Updated: August 8, 2022 9:58:08 am
Industry experts are divided over the government’s decision to withdraw the Personal Data Protection (PDP) Bill, 2019, and replace it with a new ‘comprehensive legal framework’ and ‘contemporary digital privacy laws’ for regulating online space. The bill was revoked after nearly four years of it being in the works, where it went through multiple changes including a review by a Joint Parliamentary Committee and faced pushback from a range of stakeholders including tech companies and privacy activists.
“The withdrawal of the PDP bill is personally disappointing to me, especially since the industry has already been waiting for four years for this draft to be taken forward,” Dr Rishi Bhatnagar, Chairman, IET Future Tech Panel told indianexpress.com.
According to experts, the proposed Bill stressed on the localisation of data and lacked a bifurcation to accommodate personal and non-personal datasets separately. “There were parts of the proposal that included obtaining of citizen-consent for the usage of personal data and special exemptions to probing agencies from the Act. These aspects of the Bill seem to be collectively responsible for triggering the withdrawal of it,” Bhatnagar said.
However, for Kazim Rizvi, Founding Director, The Dialogue, a New Delhi-based think tank, the withdrawal of the “Data Protection Bill 2021 is the right move as it had various shortcomings and concerns, notably around the lack of independence of the Data Protection Authority (DPA), restrictions on cross-border data flow, the inclusion of non-personal data and broad exemptions to the executive for data processing.”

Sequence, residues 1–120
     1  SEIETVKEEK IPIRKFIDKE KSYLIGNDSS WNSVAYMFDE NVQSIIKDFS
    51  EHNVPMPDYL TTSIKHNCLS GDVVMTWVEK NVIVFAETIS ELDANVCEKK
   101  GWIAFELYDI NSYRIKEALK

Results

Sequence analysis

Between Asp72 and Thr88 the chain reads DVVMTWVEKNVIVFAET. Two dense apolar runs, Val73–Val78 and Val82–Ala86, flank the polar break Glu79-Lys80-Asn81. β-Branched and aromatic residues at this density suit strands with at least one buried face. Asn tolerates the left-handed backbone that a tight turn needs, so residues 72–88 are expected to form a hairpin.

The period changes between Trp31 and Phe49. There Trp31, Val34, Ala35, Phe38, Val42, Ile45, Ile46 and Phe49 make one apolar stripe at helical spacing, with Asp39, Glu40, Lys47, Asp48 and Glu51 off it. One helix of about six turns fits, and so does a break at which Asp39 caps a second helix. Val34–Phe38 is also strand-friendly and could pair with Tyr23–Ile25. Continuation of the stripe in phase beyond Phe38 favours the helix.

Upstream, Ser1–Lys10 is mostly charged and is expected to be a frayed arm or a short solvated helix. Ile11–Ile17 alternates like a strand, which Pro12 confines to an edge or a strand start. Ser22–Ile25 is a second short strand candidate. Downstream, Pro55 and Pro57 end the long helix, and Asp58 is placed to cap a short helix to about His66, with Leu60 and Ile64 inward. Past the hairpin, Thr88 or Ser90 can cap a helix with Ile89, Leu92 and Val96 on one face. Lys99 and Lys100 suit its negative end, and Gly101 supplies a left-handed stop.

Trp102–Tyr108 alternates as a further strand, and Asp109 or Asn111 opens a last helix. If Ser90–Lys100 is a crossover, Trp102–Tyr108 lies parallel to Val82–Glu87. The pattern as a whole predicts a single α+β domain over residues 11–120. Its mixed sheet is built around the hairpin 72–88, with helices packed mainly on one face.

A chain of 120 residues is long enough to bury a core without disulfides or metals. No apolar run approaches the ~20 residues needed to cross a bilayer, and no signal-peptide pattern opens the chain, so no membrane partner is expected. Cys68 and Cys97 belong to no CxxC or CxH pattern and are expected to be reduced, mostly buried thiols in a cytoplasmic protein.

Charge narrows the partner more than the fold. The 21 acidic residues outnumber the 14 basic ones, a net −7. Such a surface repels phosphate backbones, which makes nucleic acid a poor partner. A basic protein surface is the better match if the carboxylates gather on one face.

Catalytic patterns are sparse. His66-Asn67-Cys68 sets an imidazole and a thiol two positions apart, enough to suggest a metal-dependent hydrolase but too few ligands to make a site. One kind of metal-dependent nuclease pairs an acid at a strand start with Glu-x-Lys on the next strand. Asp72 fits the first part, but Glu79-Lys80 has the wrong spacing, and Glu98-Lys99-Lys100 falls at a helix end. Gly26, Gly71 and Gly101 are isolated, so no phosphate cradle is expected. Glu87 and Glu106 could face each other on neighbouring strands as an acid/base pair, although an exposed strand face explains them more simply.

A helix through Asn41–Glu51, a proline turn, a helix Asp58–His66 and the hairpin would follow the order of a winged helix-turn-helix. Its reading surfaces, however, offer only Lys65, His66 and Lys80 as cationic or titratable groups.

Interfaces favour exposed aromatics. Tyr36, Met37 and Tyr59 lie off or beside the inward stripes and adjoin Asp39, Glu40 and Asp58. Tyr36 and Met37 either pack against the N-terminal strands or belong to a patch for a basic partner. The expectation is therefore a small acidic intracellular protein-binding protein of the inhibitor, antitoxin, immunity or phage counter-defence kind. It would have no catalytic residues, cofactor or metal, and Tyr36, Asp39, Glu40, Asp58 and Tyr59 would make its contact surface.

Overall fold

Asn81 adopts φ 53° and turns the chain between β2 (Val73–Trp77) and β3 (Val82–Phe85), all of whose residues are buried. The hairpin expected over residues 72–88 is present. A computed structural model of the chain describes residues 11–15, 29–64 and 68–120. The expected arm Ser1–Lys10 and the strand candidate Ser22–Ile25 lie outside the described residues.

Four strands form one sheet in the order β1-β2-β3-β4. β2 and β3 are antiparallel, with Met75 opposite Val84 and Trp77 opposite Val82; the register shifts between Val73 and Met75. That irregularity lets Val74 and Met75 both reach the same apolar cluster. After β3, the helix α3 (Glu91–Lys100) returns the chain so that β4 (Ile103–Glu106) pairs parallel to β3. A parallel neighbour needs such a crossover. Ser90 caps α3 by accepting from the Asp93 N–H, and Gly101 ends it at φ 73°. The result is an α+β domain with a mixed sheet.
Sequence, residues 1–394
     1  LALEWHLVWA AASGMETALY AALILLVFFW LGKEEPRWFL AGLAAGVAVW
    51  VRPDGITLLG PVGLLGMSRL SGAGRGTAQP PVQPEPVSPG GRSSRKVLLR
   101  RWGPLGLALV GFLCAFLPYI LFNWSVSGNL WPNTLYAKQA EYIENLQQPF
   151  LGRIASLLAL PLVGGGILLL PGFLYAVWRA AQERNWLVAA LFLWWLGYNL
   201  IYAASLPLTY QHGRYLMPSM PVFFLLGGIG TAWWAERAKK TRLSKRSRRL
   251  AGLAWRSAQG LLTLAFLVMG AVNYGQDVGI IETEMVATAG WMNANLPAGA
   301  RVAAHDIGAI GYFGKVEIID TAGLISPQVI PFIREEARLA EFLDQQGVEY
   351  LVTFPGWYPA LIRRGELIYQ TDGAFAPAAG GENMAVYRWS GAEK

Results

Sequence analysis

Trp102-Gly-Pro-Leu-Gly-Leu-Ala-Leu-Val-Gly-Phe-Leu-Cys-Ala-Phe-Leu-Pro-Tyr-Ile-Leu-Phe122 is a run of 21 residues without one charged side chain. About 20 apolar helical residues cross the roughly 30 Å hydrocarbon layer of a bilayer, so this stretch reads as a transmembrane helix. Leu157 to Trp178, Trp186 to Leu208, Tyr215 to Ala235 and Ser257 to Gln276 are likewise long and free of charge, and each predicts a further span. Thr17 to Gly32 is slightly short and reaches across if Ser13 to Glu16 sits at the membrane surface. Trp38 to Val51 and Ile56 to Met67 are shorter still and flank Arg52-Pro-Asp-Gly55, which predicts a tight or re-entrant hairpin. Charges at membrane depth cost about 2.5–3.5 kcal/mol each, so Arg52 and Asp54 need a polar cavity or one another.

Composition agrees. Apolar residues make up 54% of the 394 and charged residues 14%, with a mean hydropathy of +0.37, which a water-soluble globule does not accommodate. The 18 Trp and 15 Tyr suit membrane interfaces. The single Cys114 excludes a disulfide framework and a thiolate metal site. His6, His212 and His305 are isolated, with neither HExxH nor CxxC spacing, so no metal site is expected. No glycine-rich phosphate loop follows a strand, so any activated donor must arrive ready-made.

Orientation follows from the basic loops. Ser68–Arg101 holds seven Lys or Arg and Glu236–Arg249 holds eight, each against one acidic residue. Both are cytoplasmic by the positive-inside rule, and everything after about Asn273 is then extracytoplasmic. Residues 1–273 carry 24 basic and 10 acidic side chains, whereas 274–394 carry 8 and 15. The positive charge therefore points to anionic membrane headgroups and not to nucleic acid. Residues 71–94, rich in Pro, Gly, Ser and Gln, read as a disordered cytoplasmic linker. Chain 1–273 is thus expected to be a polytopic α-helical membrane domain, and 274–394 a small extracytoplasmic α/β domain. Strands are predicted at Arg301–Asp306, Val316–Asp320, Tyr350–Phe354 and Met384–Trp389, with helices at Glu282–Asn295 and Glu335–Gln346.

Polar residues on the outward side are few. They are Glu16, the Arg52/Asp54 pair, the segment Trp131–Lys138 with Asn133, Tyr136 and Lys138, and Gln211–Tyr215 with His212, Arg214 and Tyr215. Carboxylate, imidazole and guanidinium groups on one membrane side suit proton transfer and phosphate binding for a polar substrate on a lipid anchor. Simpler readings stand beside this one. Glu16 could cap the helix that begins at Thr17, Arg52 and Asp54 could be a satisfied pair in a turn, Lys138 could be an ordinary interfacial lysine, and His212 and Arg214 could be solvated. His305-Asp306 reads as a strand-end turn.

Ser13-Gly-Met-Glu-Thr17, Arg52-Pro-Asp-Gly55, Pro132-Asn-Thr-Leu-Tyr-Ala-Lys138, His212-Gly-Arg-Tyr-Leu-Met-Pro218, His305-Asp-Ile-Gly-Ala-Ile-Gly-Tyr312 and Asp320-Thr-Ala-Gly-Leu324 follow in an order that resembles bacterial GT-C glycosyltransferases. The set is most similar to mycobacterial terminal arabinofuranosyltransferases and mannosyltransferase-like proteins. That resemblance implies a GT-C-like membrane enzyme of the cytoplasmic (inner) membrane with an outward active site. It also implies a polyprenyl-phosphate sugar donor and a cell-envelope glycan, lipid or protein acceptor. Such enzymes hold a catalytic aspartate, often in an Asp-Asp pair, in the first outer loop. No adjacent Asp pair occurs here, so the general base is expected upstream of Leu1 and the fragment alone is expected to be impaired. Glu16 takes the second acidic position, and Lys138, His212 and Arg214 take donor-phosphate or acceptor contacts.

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The Bill had been widely criticised for being biased toward the data collection entity. For instance, if any user wants to withdraw their consent from sharing their data, it is possible but the user will have to give “a valid reason” or bear the legal consequence for such withdrawal. Moreover, what constitutes a “valid reason” is also subjective.
Another major drawback of the Bill was a proposed provision called data localisation, under which it would have been mandatory for companies to store a copy of certain sensitive personal data within India, and the export of undefined “critical” personal data from the country would be prohibited.
Experts hope that a new privacy law will be enacted by next year. “The new bill must balance state interest, business interest, and individuals’ privacy concerns on the same keel,” notes Rizvi.
Bhavya Sharma, Founder, Bhavya Sharma & Associates, a legal firm, believes that the news of withdrawal “will provide relief to giant tech companies who have on several occasions raised concerns against the provision provided in the bill related to the usage, storage and processing of data which contradicts the cyber policies they are following. These restrictions would’ve ultimately increased their compliance burden.”
Meanwhile, Bhatnagar believes that the new Bill can only stand out if the framework contains regulations that are at par with global standards. “The re-framing of the Bill can also be enhanced by the inputs of IT thought leaders and experts, where ground realities and existing problems in the IT ecosystem can be touched upon with clarity,” he adds.
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